UC Berkeley Recording Voices, Accents in Social Experiment

The University of California, Berkeley is asking 5,800 freshmen and transfer students to record their voices and accents in a project being called part linguistic experiment, part social science and part ice-breaker, the Los Angeles Times reports.

With about 30 percent of incoming UC Berkeley students reporting that English was not their first language, exploring that linguistic diversity is a good way to help students feel comfortable at such a large school, faculty organizers said.

The university's welcome-to-campus seminars in the fall will focus on linguistic diversity and the many cultural, scientific and psychological aspects of language. Along with helping the newcomers break the ice through shared readings and discussions, the campus' College of Letters & Science wants students to record their own speech in an ambitious Internet-based experiment to map and match accents from across the state and world, according to the Times.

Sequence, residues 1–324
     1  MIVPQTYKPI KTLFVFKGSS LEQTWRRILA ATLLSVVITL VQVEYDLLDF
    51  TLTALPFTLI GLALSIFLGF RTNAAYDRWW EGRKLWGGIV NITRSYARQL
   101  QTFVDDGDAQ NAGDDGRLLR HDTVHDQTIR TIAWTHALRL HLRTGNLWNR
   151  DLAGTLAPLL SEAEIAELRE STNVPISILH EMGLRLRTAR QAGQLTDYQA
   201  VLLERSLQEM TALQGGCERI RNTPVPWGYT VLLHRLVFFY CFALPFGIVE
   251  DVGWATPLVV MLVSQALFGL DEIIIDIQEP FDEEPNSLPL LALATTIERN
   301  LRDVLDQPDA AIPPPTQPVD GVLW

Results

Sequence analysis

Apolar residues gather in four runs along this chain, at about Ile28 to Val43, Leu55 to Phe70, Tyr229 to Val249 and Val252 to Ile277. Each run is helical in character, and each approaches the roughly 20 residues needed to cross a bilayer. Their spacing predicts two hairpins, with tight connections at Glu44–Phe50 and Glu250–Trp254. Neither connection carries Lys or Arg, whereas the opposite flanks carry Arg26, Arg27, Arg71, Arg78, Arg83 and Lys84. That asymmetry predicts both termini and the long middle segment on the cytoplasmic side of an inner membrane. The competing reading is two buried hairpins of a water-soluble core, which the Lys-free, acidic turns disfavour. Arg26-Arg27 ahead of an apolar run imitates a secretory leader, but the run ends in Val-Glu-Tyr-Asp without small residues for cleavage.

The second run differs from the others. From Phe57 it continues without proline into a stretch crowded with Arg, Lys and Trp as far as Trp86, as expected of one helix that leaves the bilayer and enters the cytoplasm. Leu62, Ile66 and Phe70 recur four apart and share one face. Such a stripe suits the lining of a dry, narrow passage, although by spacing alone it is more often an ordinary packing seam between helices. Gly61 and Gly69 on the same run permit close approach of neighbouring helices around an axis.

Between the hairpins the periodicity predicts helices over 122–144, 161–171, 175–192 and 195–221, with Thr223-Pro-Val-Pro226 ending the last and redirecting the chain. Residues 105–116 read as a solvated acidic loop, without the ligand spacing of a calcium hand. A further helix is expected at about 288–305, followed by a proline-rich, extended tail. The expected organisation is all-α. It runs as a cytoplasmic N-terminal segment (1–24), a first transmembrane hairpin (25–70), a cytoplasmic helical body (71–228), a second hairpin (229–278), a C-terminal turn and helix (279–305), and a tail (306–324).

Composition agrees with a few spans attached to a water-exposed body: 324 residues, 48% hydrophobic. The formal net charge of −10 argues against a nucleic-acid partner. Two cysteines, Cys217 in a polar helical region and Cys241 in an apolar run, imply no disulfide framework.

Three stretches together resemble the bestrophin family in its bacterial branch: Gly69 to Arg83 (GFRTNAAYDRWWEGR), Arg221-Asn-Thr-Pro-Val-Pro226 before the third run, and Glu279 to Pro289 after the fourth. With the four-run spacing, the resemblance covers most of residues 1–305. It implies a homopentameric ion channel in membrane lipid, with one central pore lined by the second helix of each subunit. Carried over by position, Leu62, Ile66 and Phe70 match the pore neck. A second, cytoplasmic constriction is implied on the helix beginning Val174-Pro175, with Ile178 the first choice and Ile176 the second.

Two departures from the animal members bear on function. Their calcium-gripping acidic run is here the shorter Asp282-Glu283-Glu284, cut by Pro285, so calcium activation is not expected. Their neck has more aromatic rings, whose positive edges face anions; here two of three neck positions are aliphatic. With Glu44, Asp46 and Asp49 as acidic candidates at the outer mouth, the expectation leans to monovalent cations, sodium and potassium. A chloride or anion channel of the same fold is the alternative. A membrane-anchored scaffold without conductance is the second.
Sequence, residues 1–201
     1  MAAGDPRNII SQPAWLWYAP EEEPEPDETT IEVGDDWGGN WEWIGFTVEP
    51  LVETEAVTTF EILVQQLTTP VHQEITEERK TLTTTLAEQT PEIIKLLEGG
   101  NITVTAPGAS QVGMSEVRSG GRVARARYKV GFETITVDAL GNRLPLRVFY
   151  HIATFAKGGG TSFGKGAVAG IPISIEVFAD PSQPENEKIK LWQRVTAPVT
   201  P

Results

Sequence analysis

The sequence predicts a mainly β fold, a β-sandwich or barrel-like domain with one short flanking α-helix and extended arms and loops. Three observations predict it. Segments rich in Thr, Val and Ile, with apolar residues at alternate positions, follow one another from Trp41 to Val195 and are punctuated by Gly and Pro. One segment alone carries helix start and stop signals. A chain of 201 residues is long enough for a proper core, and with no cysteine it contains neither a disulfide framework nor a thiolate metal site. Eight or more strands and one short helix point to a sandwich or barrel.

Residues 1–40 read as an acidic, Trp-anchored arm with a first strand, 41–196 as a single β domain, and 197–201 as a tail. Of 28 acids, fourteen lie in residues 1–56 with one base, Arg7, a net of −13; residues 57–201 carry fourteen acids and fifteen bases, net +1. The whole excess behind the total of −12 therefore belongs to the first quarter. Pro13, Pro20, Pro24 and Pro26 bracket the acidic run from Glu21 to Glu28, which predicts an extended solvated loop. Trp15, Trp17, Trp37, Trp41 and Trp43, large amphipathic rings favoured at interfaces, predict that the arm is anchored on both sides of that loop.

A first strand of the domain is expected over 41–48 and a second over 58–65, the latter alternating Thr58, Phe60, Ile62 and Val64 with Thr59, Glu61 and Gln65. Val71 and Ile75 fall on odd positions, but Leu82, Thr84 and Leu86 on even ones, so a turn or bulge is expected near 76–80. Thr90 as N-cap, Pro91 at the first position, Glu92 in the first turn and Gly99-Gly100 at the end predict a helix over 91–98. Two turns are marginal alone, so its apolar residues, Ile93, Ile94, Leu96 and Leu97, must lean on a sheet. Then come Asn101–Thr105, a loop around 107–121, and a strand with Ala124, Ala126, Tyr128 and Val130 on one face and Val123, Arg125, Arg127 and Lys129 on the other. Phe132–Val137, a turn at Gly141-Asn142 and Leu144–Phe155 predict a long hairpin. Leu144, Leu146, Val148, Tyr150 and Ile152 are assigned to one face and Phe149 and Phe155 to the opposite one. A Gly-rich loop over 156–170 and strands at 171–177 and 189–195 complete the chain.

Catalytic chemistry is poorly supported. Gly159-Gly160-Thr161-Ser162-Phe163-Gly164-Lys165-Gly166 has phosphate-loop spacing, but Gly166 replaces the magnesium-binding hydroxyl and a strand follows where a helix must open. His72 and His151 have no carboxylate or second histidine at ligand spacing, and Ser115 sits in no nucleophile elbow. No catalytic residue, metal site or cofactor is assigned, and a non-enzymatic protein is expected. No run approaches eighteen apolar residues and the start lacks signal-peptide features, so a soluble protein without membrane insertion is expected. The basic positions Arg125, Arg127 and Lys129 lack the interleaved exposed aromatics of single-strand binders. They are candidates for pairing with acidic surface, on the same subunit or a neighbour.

"It seemed like a good opportunity for me to learn something about our population and also give the incoming class a chance to learn something about each other, just by listening to each other," said linguistics professor Keith Johnson, who is leading the experiment.

Freshmen and transfer students are recording the phrase “Go Bears!” in English via the Web, a shout-out to Berkeley sports teams. Students will also record five mouth-stretching sentences, including: "She had your dark suit in greasy wash water all year." They then read an arithmetic problem in their native tongues, which could total about 50 languages.

According to the paper, the voice samples will be attached anonymously to an interactive world map so other participants can hear them, and each student will be matched through a voice-recognition program with five others who have similar pronunciations, Johnson said.

After two years and perhaps again after four, students will be asked to make new recordings to determine whether being at Berkeley homogenized their accents or pushed them into distinctive speech subgroups, Johnson said.

Click to read more on the linguistic experiment at UC Berkeley from the Los Angeles Times